She paid him a visit just after her birthday. As a gift, Jose says, he gave her some prison artwork—a jewelry box made out of paper and Saran Wrap. She appreciated the gift, but Jose recalls his daughter saying, “I wish that when I blew out the candles and opened my eyes it was you on the other side of that cake.”

He cracked. 

“That’s when I realized that I need to change,” says Jose. “My heart don’t beat just for me, my heart beats for someone else. And that someone else wants to see me come home.” Jose began attending AA classes, self-help groups, and restorative justice circles.

He recalls one guest lecturer saying, “God didn’t make us this way. Something happened to you at a young age to make you resentful, to make you have all this hurt inside. Something happened to you.” That pushed Jose to start unpacking his childhood trauma.

“I didn’t really become a man ‘til I went to prison,” says Jose, now 52 years old. At the time of his crime, he was 24. With the combination of his rehabilitative efforts, time served and the passing of SB 261 and AB 1308, Jose became eligible for parole. 

In approaching the board for his fifth and final time, he told his story of his upbringing—with a special focus on the adversarial relationship with his father. The parole board found Jose suitable on the grounds that he was more forthcoming about the truth than they had asked. 

After waiting 120 days, a period that Jose says was “like starting his 26 years all over again,” he was released. “They went and got me some ‘dress outs,’” Jose says, referring to the attire given to people when they’re exiting an institution. Donning those state-issued clothes, he walked out the gates of Corcoran Correctional Facility to find his daughter waiting for him, all by herself.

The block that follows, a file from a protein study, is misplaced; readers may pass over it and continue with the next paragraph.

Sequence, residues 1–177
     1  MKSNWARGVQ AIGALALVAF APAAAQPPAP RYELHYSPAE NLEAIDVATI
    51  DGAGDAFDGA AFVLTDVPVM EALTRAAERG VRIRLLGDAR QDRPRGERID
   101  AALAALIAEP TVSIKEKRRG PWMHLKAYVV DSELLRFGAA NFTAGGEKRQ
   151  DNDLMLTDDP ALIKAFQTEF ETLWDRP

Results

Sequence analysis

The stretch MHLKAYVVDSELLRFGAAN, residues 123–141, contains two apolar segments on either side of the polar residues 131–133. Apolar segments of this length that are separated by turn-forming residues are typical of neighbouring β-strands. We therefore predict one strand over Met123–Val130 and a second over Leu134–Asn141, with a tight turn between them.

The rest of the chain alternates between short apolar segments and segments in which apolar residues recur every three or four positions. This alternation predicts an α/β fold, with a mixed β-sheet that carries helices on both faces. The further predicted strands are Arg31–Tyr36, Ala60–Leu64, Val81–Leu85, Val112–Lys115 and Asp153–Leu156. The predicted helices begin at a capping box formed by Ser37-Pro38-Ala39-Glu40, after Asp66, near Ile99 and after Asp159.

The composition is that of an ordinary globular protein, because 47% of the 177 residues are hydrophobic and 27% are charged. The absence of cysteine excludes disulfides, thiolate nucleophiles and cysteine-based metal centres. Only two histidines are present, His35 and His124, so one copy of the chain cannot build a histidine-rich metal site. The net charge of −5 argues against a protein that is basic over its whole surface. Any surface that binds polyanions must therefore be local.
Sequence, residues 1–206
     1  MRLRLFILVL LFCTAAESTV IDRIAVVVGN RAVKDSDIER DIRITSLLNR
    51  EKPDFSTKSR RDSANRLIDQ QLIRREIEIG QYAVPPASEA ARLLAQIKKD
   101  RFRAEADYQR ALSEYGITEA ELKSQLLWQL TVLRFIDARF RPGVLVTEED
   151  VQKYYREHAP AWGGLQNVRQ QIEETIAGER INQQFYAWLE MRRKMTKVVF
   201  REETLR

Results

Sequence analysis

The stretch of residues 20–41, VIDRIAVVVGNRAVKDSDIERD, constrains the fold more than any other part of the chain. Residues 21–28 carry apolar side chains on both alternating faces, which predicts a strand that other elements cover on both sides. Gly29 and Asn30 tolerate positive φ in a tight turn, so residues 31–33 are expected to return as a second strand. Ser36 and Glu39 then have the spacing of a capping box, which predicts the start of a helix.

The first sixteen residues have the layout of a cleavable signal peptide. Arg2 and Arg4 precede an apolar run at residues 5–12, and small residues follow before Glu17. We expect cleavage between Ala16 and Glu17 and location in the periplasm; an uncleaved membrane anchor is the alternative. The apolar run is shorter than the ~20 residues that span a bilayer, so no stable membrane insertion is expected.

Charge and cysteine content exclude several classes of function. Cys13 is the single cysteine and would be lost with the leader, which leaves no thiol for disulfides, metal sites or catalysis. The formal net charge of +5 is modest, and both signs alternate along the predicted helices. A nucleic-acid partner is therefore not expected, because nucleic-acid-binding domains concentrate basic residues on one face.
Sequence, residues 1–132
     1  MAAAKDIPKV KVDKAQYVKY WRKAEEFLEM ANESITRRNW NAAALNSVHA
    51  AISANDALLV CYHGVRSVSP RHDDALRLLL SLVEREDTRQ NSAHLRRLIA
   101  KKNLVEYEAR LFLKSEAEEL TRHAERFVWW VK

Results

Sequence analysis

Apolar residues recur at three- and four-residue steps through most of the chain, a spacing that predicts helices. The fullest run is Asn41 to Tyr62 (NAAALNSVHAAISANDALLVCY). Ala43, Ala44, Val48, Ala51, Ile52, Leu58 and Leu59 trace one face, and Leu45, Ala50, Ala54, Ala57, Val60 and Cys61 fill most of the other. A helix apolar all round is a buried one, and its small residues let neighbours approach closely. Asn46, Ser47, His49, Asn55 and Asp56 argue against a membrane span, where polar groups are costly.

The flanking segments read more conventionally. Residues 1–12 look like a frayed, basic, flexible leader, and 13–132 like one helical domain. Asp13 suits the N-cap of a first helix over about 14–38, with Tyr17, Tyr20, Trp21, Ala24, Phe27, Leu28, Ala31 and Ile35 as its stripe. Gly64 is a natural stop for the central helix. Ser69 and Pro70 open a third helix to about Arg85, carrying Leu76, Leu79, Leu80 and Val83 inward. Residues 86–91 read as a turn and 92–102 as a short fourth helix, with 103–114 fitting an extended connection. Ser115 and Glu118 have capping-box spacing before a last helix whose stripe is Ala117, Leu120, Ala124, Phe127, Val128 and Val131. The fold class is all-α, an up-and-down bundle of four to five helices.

As they both shed tears, a voice of wisdom came from an unexpected source. Jose says the woman officer at the gate pointed to his sobbing daughter and told him, “You see that face? Every time you think about doing bad, remember that face.”

The first stop Jose and his daughter made was Red Lobster. His daughter told everyone within earshot that Jose was fresh out of prison. “I was like, ‘Why are you telling everybody?’” She replied, “I want everybody to know I'm excited, I'm happy. My daddy came home!”

Jose lived at a transitional home before staying with family members for a short period, and eventually moving in with his fiancé, Sabrina Flores. 

He took up a few odd jobs for income, until one day he volunteered to do some security work at the Civic Auditorium. “It was a Delfonics and Blue Magic concert,” says Jose. Not only did he get to see the R&B legends for free, he also landed a job. 

But the gig didn’t last. Jose, who had multiple battles with pneumonia and suffered from cirrhosis of the liver, developed blood clots in his legs. He used his recovery time to heal and get to know his family better. But in the fall of 2020, Jose contracted COVID-19 and battled it for months.

In April of 2021, Jose’s fiancé, Sabrina, found him on the bathroom floor, dead. 

“He was always locked up,” says Sabrina, who had known Jose since they were teens. “He didn’t think he was coming home, so he was doing whatever he wanted in there. When he got out, his body reacted differently.”

Sabrina says that Jose had one request in the event of his death: to be buried with his father. And that request has now been fulfilled.



Criminal Justice


Criminal Justice

Criminal Justice